Genesis 44:16. And Judah said, &c. — Judah speaks in this cause, as being one of the eldest, and a person of most gravity and readiness of speech, and most eminently concerned for his brother; and nothing can be more affecting than what he advances on this occasion. God hath found out the iniquity of thy servants — Though the cup was found only in Benjamin’s sack, yet he speaks of himself and the rest as guilty, being his brothers, and in company with him. But, probably, he refers rather to their sins in general, for which, he meant to signify that God was now punishing them, and to the injury which they had done Joseph in particular. Even in those afflictions wherein we apprehend ourselves to be wronged by men, yet we must own that God is righteous, and finds out our iniquity. We cannot judge what men are, by what they have been formerly, nor what they will do, by what they have done. Age and experience may make men wiser and better. They that had sold Joseph, yet would not abandon Benjamin.

Verses 18-34
Genesis 44:18-34. And Judah said — We have here a most pathetic speech which Judah made to Joseph on Benjamin’s behalf. Either Judah was a better friend to Benjamin than the rest, and more solicitous to bring him off; or he thought himself under greater obligations to endeavour it than they were, because he had passed his word to his father for his safe return. His address, as it is here recorded, is so very natural, and so expressive of his present passion, that we cannot but suppose Moses, who wrote it so long after, to have written it under the special direction of Him that made man’s mouth. Indeed the whole speech is most exquisitely beautiful, and perhaps the most complete piece of genuine and natural eloquence to be found in any language. 1st, He addressed himself to Joseph with a great deal of respect, calls him his lord, himself and his brethren his servants, begs his patient hearing, and passeth a mighty compliment upon him, Thou art even as Pharaoh — A person whose favour we desire, and whose wrath we dread, as we do Pharaoh’s. 2d, He represented Benjamin as one well worthy of his compassionate consideration; he was a little one, compared with the rest; the youngest, not acquainted with the world, nor inured to hardship, having been always brought up tenderly with his father. It made the case the more piteous that he alone was left of his mother, and his brother was dead — Namely, Joseph; little did Judah think what a tender point he touched upon now. Judah knew that Joseph was sold, and therefore had reason enough to think that he was not alive. 3d, He urged it closely that Joseph had himself constrained them to bring Benjamin with them, had expressed a desire to see him, had forbidden them his presence, unless they brought him with them, all which intimated that he designed him some kindness. And must he be brought with so much difficulty to the preferment of a perpetual slavery? Was he not brought to Egypt in obedience, purely in obedience to the command of Joseph, and would not he show him some mercy? 4th, The great argument he insists upon was the insupportable grief it would be to his aged father, if Benjamin should be left behind in servitude. His father loveth him, Genesis 44:20. Thus they had pleaded against Joseph’s insisting on his coming down, Genesis 44:22. If he should leave his father, his father would die — Much more, if he now be left behind, never to return. This the old man of whom they spake had pleaded against his going down: If mischief befall him, ye shall bring down my gray hairs, that crown of glory, with sorrow to the grave. This therefore Judah pressed with a great deal of earnestness. His life is bound up in the lad’s life — When he sees that the lad is not with us, he will faint away and die immediately, or will abandon himself to such a degree of sorrow, as will, in a few days, make an end of him. And, lastly, Judah pleads, that, for his part, he could not bear to see this: Let me not see the evil that shall come on my father. 5th, Judah, in honour to the justice of Joseph’s sentence, and to show his sincerity in this plea, offers himself to become a bondman instead of Benjamin. Thus the law would be satisfied; Joseph would be no loser, for we may suppose Judah a more able-bodied man than Benjamin; Jacob would better bear that than the loss of Benjamin. Now, so far was he from grieving at his father’s particular fondness for Benjamin, that he is himself willing to be a bondman to indulge it.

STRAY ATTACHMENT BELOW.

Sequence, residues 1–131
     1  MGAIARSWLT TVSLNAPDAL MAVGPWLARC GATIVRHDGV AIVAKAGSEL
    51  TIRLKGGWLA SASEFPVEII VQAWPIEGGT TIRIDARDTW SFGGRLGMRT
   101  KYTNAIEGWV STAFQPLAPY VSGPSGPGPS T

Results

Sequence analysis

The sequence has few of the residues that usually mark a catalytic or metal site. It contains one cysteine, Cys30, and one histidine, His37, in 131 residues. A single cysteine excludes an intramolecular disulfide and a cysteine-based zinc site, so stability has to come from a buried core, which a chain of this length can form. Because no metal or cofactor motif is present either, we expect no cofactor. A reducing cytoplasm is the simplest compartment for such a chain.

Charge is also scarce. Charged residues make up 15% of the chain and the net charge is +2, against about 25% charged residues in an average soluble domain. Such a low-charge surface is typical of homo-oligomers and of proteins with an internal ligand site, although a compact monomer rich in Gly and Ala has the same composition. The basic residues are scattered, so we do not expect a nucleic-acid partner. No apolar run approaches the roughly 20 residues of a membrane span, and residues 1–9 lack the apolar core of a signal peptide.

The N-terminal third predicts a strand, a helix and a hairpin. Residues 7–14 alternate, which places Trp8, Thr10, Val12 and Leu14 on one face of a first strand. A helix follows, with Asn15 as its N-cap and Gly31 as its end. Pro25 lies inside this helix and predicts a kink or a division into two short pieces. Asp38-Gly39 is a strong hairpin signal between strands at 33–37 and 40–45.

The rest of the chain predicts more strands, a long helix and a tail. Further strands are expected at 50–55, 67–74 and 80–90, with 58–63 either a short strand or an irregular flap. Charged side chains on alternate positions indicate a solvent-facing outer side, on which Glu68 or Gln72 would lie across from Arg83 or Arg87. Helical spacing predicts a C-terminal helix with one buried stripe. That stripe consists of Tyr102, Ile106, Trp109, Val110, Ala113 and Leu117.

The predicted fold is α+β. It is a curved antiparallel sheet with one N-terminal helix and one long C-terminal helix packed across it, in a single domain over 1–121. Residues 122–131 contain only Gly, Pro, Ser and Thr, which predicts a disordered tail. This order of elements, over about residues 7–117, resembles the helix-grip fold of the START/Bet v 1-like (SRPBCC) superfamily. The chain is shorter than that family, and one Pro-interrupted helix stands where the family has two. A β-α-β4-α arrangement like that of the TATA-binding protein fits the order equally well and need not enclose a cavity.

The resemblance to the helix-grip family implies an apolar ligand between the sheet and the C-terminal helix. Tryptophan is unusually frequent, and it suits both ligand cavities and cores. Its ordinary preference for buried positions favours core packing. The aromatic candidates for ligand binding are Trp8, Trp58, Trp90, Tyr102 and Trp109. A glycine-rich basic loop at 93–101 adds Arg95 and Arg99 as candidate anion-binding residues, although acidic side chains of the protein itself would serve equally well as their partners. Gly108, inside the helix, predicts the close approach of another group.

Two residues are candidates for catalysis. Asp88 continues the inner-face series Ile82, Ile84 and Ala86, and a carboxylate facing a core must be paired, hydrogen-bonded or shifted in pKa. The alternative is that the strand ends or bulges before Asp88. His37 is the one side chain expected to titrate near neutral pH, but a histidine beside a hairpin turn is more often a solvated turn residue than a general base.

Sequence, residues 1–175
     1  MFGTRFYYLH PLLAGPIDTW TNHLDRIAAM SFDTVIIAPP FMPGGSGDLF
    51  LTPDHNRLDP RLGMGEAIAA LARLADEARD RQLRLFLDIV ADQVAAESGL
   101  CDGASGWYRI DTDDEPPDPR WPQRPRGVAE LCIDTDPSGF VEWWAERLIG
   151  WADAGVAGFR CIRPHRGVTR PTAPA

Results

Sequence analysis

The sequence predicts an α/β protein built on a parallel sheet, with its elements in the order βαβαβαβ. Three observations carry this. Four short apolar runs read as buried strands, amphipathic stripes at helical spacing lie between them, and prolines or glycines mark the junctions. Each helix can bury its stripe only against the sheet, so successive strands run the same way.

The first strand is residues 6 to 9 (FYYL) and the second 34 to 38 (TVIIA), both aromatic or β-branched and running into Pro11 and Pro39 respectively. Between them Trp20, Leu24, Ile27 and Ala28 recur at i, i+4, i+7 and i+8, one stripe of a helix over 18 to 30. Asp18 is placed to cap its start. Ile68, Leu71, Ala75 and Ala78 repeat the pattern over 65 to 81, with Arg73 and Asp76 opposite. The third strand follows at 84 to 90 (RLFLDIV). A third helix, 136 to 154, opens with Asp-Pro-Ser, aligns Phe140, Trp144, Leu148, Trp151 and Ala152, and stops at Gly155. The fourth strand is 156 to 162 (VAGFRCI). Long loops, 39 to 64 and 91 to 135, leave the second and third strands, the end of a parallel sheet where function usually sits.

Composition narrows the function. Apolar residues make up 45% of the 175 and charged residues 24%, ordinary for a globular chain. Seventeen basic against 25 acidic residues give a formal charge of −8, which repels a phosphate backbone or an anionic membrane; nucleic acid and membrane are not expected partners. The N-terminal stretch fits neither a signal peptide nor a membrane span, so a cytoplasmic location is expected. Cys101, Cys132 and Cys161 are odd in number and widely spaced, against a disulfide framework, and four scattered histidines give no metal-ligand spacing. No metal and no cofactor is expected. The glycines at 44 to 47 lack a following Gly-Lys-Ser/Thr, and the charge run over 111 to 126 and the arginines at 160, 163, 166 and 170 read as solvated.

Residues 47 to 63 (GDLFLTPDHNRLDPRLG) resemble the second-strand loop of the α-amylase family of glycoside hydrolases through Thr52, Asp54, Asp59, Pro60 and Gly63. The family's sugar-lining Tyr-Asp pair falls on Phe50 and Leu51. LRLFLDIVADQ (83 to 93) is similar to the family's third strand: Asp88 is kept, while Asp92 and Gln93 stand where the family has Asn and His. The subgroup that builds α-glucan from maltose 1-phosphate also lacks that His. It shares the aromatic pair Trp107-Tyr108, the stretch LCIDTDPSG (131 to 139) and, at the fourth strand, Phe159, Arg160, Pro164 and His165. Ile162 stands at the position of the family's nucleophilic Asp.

Now, had Joseph been, as Judah supposed, an utter stranger to the family, yet even common humanity could not but be wrought upon by such powerful reasonings as these; for nothing could be said more moving, more tender; it was enough to melt a heart of stone: but to Joseph, who was nearer akin to Benjamin than Judah himself, and who, at this time, felt a greater passion for him and his aged father than Judah did, nothing could be more pleasingly nor more happily said. Neither Jacob nor Benjamin needed an intercessor with Joseph, for he himself loved them. Upon the whole, let us take notice, 1st, How prudently Judah suppressed all mention of the crime that was charged upon Benjamin. Had he said any thing by way of acknowledgment of it, he had reflected on Benjamin’s honesty. Had he said any thing by way of denial of it, he had reflected on Joseph’s justice; therefore he wholly waives that head, and appeals to Joseph’s pity. 2d, What good reason dying Jacob had to say, Judah, thou art he whom thy brethren shall praise; (Genesis 49:8;) for he excelled them all in boldness, wisdom, eloquence, and especially tenderness for their father and family. 3d, Judah’s faithful adherence to Benjamin, now in his distress, was recompensed long after, by the constant adherence of the tribe of Benjamin to the tribe of Judah, when all the other ten tribes deserted it.